Sorry, we failed to record your vote. Please try again
47 of 50 people found the following review helpful By Jenni Doherty on 22 Jan. 2004
Format: Paperback
“Songs are what I listen to, almost to the exclusion of everything else. I don’t listen to classical music or jazz very often, and when people ask me what music I like, I find it very difficult to reply, because they usually want names of people, and I can only give them song titles”.
So began the illustrious gathering of 31 songs – most of them loved, some of them once loved and all of them significant to Nick Hornby. They begin with Teenage Fanclub’s ‘Your Love Is In The Place Where I Come From’, ending with Patti Smith’s ‘Pissing In A River’, and encompassing singers as varied as Van Morrison and Nelly Furtado, songs as different as ‘Thunder Road’ and ‘Puff The Magic Dragon’ (reggae style). He discusses, among other things, guitar solos and singers whose teeth whistle, and the sort of music you hear in ‘The Body Shop’.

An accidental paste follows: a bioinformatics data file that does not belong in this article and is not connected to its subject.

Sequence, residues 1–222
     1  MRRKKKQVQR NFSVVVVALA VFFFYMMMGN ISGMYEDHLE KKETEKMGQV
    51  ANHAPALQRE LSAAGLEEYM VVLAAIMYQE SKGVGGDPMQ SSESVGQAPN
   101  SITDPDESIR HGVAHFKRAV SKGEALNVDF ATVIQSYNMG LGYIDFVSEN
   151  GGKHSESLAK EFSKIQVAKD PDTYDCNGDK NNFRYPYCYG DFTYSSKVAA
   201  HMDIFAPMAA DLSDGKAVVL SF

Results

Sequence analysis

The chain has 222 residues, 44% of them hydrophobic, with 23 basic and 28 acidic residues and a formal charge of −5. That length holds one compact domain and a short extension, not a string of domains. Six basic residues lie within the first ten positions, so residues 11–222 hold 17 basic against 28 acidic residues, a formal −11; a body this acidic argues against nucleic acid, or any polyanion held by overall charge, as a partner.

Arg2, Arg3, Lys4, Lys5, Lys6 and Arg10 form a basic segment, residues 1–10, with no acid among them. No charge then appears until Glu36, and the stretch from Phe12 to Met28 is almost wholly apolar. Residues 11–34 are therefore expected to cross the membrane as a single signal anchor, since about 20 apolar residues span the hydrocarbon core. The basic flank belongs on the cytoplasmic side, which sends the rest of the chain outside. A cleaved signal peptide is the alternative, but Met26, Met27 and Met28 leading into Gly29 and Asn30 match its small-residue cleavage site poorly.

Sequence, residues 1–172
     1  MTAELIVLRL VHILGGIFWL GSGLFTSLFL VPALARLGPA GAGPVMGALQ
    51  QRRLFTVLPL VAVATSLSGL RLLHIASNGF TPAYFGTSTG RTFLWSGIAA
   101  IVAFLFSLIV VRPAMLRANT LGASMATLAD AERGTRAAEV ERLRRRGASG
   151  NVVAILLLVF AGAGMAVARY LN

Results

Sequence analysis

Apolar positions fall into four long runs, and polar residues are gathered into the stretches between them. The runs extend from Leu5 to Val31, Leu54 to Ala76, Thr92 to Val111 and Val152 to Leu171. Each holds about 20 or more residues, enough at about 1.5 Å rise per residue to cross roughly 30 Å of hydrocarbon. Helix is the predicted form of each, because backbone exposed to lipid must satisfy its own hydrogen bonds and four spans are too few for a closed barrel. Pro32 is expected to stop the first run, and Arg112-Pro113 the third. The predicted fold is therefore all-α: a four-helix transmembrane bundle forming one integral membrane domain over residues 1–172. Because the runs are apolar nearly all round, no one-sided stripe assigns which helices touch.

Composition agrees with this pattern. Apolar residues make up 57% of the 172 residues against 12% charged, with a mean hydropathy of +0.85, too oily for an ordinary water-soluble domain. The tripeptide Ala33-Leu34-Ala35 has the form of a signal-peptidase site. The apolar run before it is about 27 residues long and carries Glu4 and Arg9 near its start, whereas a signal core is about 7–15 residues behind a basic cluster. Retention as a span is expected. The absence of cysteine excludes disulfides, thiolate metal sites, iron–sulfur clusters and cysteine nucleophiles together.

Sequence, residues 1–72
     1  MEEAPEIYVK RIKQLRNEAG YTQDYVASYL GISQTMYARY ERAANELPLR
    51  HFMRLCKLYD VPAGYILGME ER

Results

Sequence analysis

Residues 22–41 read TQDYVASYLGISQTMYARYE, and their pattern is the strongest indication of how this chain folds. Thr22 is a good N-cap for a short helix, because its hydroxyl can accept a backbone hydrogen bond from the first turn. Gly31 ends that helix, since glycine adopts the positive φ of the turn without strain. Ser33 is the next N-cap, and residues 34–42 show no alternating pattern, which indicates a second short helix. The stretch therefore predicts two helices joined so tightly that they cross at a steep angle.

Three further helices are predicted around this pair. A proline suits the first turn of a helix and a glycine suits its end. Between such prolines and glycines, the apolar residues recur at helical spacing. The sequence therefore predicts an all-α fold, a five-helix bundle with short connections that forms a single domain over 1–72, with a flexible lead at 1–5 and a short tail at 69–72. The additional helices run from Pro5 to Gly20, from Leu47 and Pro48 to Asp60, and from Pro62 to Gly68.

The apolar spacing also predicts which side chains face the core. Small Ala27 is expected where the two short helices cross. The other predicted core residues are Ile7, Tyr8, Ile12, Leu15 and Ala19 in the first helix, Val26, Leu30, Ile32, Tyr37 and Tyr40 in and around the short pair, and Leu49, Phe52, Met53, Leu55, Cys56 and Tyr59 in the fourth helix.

The mind of a musician is a difficult one to fathom, that of a music fan is even more so. Hornby lists his favourite songs and albums, by way of anecdotal explanation, and describes just what it is about music that stirs the blood in his trademark succinct and sparse fashion. He reveals intimate details about his family with touching references to his autistic son and his hope and fears for his future.
We might not agree with Hornby’s eclectic song choices, but will be more likely to side with his topography of the musical mind. He is unashamed in his adulation of songwriters, and admits that he writes books because he cannot write music: “Maybe it’s only songwriters who have ever had any inkling of what Jesus felt like on a bad day”.
Read more ›
Comment Was this review helpful to you? Yes No Sending feedback...
Thank you for your feedback. If this review is inappropriate, please let us know.
Sorry, we failed to record your vote. Please try again